How to protect ourselves against ‘security guards’ — Dave Avran

NOV 2 — Two armed robberies by security guards in just over a week. On October 23, a security guard shot dead AmBank officer Norazita Abu Talib in Subang Jaya and escaped with RM450,000.

On October 31, a security guard robbed a jewellery outlet he was supposed to be guarding at the KL Festival City Mall in Setapak and made off with a tray of gold jewellery.

Inspector-General of Police Tan Sri Khalid Abu Bakar says it is possible that the second security guard carried out a copycat robbery after the first security guard struck. He does not rule out more cases involving security guards who rob their employers. This is a frightening development.

There are 751 private security firms licensed to operate in Malaysia. Of these, 125 have been granted firearms licences.

This situation raises many questions since it is reported that both the robber security guards and seven of their associates who have been arrested are all Sabahans who were carrying fake MyKads.

First, shouldn’t all security companies have immediately gone through their list of guards after the AmBank incident?

How could a well-established security service provider such as Prima have engaged a guard without proper vetting or security background checks?

Then there’s the guard’s application for a firearm permit. Was it submitted using the fake MyKad? If yes, how did it get approved?

Did the guard get his salary banked into his bank account? How did he acquire a bank account with a fake MyKad when a biometric thumbprint verification is standard requirement?

What about his group insurance, EPF and Socso accounts? Were they also created with the fake MyKad? How did these slip through the verification processes?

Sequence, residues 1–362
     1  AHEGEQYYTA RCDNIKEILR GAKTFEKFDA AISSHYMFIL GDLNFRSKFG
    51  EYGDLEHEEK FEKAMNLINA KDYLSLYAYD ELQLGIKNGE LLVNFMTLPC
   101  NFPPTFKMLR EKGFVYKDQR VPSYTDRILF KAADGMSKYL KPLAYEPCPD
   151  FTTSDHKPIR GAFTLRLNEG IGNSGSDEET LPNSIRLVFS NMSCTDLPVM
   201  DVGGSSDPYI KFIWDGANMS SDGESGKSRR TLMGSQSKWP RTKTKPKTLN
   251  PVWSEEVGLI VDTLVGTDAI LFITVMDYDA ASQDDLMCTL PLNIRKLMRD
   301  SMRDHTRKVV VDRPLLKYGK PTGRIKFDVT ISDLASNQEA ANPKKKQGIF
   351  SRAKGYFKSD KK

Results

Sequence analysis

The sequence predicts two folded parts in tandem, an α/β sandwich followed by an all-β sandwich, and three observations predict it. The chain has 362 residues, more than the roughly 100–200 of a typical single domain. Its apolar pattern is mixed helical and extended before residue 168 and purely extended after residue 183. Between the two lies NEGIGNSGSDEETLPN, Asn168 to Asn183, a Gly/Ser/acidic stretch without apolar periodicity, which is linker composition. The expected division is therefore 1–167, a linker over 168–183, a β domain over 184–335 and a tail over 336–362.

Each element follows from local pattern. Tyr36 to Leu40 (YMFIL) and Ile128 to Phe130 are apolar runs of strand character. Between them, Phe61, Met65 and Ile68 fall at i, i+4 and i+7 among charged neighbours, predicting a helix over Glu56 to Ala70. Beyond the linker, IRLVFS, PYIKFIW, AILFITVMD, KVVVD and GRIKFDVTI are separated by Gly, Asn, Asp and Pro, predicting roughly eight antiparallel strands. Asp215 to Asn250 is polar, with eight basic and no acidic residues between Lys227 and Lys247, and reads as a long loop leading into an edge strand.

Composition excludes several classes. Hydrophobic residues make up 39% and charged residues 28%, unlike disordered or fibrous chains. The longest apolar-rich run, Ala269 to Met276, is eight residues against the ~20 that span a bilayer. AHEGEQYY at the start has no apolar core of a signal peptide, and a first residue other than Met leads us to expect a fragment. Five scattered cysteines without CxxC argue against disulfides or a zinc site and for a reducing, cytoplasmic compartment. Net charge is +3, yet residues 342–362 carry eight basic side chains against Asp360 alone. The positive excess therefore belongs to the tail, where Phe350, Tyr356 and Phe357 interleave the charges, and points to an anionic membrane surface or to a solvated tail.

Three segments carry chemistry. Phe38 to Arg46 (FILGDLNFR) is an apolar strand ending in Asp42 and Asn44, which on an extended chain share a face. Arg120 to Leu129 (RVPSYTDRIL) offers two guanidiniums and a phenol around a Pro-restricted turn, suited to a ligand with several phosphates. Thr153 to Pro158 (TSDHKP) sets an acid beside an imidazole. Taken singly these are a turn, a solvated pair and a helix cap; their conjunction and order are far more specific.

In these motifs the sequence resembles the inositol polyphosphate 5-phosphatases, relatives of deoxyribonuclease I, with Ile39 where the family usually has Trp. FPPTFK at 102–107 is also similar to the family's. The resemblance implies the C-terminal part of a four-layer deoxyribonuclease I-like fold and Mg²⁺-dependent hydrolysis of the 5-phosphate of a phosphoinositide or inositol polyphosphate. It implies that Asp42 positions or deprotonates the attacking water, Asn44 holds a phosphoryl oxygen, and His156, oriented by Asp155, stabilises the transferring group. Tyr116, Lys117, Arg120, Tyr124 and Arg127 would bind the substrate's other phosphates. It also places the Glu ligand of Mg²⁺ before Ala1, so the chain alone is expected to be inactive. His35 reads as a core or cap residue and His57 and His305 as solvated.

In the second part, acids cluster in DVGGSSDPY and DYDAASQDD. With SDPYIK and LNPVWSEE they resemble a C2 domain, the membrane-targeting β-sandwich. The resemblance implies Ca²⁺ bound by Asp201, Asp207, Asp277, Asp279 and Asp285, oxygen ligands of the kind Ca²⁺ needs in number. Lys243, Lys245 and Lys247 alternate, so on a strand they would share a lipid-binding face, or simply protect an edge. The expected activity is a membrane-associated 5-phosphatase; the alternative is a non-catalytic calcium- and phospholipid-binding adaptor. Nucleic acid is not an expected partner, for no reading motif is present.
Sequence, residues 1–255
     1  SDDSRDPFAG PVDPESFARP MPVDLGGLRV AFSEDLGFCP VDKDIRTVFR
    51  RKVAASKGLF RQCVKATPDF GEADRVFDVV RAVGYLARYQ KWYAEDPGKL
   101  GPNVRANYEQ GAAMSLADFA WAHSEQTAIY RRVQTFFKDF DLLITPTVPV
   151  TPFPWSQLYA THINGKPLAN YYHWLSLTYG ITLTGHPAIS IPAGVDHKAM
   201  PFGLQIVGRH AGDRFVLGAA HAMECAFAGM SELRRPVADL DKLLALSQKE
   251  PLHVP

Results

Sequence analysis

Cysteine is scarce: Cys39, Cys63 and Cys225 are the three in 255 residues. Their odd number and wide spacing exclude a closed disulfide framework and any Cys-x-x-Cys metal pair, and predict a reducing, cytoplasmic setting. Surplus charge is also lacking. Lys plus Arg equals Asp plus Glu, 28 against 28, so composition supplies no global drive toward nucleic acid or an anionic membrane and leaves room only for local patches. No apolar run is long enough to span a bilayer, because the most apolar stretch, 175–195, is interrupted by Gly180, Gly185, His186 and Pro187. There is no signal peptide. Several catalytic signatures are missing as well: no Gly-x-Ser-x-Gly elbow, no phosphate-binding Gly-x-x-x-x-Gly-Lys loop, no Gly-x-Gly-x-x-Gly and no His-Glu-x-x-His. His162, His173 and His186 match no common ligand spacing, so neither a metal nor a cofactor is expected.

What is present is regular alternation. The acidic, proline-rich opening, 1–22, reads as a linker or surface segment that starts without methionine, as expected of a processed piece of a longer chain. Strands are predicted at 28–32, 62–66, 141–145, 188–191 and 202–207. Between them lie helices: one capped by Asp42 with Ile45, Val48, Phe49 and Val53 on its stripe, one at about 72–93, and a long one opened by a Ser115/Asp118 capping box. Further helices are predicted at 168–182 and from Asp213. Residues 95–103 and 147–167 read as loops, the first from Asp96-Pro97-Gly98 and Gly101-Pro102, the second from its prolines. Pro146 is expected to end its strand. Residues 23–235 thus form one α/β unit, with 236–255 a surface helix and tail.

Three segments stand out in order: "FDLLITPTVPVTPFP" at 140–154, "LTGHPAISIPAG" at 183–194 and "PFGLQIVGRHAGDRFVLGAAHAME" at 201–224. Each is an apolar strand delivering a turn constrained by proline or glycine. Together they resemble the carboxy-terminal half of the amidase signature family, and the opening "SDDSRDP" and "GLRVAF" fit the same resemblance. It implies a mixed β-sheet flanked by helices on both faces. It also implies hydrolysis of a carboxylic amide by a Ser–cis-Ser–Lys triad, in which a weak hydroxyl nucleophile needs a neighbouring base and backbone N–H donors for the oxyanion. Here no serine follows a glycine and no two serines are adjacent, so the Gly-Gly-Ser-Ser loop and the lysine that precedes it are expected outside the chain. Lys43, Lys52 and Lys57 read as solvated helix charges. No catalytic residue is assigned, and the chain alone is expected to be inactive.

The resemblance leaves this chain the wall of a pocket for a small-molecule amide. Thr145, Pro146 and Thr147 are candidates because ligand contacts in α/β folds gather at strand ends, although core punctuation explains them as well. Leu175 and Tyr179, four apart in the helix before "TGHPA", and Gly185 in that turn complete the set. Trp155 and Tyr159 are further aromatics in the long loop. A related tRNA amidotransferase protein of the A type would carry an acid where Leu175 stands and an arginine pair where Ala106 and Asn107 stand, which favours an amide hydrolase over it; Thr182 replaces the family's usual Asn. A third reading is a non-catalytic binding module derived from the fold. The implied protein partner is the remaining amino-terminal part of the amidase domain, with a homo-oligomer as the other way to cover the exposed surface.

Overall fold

MARAH has been reliably informed that the recruitment of security guards is a competitive business and that the bigger security companies sub-contract their work out to smaller unqualified firms for mutual profit.

Thus the vetting and hiring of security guards is basically left to the discretion of their sub-contractors, who in turn cut costs by hiring substandard guards and skipping the training process.

Such unhealthy practices allow the sub-contractors to offer their security services at lower costs compared with “proper” companies whose guards go through the stringent vetting and training processes.

Banks must always insist that their security company produces the vetting and training documents as proof before hiring them.

On the alarming subject of fake MyKads, on October 30, 2013, National Registration Department director-general Datuk Jariah Mohd Said claimed that the MyKad was a document of high quality that could not be cloned. She said MyKad could only be tampered with by changing the photo and details on the surface of the original card, but not the information and security features embedded in the card or chip.

On the same day, Asian Professional Security Association Malaysia chapter president Datuk Seri Mustapa Ali said fake MyKads could easily be obtained for RM200 to RM600 a piece. So who are we supposed to believe?

MARAH understands that one cannot fake the chip on the MyKad. The data inside is both cryptologically safe and immutable. What can be faked is the physical plastic and the printed information and picture, therefore the solution is to get Mykad readers and devices to read the data on the chip for verification. The application programme interface for these and the dongles are relatively cheap and easily available so it would be cost-effective for the private sector, including security companies, to use this method.

Other suggestions we can offer would be the scanning of fingerprints before security guards are issued firearms, and yearly review of gun permits for renewal.

At the end of the day, it’s the responsibility of security companies to submit criminal background checks of recruits to PDRM for vetting. Because of the current cases of fake MyKads, security guards should be checked by the National Registration Department as well.

We would also recommend the setting up of a centralised monitoring body and national security guard database.

* Dave Avran is founder of Malaysians Against Rape, Assault & snatcH theft (MARAH).

* This is the personal opinion of the writer or organisation and does not necessarily represent the views of The Malay Mail Online.